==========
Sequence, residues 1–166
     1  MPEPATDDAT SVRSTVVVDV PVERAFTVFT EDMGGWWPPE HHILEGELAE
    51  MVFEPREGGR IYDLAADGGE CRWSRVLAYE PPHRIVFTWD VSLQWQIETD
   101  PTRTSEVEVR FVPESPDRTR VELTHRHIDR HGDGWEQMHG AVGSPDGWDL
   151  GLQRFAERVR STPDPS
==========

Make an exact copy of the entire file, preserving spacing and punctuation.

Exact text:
Sequence, residues 1–166
     1  MPEPATDDAT SVRSTVVVDV PVERAFTVFT EDMGGWWPPE HHILEGELAE
    51  MVFEPREGGR IYDLAADGGE CRWSRVLAYE PPHRIVFTWD VSLQWQIETD
   101  PTRTSEVEVR FVPESPDRTR VELTHRHIDR HGDGWEQMHG AVGSPDGWDL
   151  GLQRFAERVR STPDPS